Study results show DCNN can use imaging biomarkers to predict sex, potentially confounding the accurate prediction of disease.
A deep convolutional neural network (DCNN) can differentiate between males and females on chest X-ray, according to new research.
Based on existing clinical experience, DCNNs have been shown to be biased against men or women if they are trained on datasets that do not have balanced sex representation. Until now, though, is has been unknown if the algorithms can use visual biomarkers that are beyond a radiologist’s perception to accurately predict sex.
In a poster presented during the Society for Imaging Informatics in Medicine (SIIM) 2021 Virtual Annual Meeting, David Li from the University of Ottawa, detailed the predictive efficacy of a DCNN trained on datasets that included equal numbers of males and females.
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“DCNNs trained on two large chest X-ray datasets accurately predicted sex on internal and external test data with similar heatmaps across DCNN architectures and datasets,” he said. “These findings support the notion that DCNNs can leverage imaging biomarkers to predict sex and potentially confound the accurate prediction of disease on chest X-rays and contribute to biased models.”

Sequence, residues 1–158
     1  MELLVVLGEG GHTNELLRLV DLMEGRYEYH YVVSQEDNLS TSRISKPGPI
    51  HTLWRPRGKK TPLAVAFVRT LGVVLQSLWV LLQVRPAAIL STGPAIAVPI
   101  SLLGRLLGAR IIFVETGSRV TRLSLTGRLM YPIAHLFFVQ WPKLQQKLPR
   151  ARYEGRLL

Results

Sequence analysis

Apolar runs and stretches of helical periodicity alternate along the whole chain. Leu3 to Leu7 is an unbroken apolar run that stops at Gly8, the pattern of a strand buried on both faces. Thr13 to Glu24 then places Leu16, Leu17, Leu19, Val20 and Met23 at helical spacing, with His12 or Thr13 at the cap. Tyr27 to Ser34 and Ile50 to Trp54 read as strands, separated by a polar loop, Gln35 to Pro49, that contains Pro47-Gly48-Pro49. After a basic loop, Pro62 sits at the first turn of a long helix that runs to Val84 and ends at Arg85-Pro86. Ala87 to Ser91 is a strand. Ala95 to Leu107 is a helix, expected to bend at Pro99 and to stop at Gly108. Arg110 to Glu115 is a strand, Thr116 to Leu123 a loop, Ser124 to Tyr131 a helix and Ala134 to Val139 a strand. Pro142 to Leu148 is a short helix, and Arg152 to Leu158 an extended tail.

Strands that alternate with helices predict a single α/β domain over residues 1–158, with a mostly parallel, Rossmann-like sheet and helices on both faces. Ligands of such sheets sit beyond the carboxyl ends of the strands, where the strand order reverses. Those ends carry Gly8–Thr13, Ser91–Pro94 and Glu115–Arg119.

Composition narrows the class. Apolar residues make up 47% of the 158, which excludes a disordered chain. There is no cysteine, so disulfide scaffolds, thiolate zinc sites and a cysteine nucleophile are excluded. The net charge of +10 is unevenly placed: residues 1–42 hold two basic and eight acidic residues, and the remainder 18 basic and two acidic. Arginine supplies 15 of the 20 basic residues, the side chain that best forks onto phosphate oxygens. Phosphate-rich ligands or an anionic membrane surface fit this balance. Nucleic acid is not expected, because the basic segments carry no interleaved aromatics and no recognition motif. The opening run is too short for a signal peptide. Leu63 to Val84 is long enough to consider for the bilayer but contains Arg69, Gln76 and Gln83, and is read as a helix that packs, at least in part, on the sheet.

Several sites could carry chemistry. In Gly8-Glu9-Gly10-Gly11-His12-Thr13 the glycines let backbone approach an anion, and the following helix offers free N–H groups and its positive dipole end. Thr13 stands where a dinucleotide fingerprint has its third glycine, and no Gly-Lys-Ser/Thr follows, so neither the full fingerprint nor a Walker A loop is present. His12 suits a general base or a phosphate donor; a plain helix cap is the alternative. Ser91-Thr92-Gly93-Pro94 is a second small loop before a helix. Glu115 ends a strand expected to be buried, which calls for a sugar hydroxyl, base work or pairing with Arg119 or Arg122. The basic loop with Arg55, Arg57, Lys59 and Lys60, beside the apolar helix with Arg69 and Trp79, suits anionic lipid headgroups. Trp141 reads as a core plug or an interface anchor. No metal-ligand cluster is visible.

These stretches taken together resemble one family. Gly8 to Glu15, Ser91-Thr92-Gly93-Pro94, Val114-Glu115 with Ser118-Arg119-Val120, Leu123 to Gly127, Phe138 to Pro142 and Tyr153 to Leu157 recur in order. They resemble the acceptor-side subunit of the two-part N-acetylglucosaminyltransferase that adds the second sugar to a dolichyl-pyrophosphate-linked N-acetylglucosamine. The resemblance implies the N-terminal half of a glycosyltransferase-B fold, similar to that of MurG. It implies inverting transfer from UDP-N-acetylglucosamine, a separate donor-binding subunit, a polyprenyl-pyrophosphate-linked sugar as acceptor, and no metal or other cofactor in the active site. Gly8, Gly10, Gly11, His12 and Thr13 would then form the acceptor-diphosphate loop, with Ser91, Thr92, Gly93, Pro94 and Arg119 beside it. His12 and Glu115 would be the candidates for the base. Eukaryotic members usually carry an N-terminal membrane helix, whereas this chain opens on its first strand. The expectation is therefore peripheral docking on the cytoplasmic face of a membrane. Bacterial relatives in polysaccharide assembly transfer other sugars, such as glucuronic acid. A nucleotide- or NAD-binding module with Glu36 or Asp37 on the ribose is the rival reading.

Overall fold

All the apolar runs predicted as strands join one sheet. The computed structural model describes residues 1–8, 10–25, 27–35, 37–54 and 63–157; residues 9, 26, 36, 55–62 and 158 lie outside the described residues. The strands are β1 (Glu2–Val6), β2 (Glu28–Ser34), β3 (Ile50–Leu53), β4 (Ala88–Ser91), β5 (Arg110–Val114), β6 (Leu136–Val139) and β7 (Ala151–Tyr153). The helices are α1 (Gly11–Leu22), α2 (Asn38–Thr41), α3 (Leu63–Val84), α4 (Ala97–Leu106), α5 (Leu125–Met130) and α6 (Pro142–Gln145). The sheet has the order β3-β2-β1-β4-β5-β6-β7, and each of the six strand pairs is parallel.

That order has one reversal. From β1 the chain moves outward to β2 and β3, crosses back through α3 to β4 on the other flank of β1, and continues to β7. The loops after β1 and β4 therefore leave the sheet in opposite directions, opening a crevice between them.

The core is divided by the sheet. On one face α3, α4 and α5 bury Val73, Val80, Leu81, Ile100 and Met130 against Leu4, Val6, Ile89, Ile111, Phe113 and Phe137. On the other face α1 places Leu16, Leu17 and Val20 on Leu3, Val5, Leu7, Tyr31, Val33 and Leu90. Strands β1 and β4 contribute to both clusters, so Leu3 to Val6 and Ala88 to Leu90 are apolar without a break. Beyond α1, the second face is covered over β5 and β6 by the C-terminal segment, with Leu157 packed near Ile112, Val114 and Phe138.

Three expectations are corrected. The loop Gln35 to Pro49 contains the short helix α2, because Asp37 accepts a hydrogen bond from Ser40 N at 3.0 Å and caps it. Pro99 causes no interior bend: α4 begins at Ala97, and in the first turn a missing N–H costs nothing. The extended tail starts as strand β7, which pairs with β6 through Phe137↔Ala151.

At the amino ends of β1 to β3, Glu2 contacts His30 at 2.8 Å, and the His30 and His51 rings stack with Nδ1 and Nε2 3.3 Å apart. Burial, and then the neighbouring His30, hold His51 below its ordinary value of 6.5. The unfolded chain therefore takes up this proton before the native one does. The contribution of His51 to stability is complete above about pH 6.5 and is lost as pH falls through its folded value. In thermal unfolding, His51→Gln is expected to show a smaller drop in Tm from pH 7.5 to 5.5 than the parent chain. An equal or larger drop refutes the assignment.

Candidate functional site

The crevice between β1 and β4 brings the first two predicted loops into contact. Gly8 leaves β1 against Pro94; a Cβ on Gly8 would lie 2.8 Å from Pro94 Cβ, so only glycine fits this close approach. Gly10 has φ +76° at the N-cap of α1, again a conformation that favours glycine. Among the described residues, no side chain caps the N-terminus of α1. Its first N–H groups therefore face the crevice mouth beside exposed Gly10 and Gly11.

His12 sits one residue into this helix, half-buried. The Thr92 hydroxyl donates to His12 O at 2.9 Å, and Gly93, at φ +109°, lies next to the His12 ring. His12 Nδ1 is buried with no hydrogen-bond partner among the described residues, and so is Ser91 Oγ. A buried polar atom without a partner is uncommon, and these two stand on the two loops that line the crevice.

To test DCNN ability to predict sex, as well as evaluate the visual biomarkers used, Li gathered chest X-ray data from the Stanford CheXPert and National Institutes of Health (NIH) Chest XRay-14 data set, including 224,316 and 112,120 scans from two heterogeneous patient populations, respectively. By using random under-sampling the data volume was reduced to 97,560 images that were balanced to 50 percent male and 50 percent female.
Overall, the dataset was split into 70-percent training, 10-percent validation, and 20-percent test sets. Li used multiple DCNN architectures pre-trained on ImageNet – Inception-V3, ResNet-18, ResNet-50, and VGG-19 – for transfer learning. They were also externally validated.
According to his analysis, on the internal test set, DCNNs trained with both datasets reached an area under the cure ranging from 0.98 to 0.99. External validation showed a peak cross-dataset performance of 0.94 for VGG19-Stanford model and 0.95 for InceptionV3-NIH model.
Additionally, heatmaps showed similar attention areas between model architectures and datasets. They were localized to the mediastinal and upper rib regions and to the lower chest and diaphragmatic regions.
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